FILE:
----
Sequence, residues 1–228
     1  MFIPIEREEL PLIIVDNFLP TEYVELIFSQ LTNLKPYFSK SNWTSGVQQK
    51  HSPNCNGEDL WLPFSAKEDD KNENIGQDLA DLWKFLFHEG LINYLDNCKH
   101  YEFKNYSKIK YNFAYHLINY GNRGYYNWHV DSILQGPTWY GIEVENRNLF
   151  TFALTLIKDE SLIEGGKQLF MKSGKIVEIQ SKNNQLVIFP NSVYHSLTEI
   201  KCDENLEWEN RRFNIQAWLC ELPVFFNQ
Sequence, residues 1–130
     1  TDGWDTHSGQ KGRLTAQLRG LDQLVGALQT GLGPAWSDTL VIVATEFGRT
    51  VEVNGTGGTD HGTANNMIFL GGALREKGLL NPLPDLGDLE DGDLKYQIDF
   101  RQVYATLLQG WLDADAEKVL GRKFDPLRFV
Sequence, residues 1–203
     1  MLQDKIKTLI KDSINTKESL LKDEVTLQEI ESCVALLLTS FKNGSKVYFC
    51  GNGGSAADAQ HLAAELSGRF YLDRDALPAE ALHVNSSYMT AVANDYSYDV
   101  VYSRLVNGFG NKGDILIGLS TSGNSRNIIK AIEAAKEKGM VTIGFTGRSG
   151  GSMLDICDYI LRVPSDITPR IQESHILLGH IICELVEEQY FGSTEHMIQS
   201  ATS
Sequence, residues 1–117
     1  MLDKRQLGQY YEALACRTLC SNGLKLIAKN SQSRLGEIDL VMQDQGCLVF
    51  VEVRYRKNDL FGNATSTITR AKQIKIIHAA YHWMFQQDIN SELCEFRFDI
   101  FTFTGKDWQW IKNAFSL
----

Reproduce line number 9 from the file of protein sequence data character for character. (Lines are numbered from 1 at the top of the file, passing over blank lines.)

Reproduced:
    51  VEVNGTGGTD HGTANNMIFL GGALREKGLL NPLPDLGDLE DGDLKYQIDF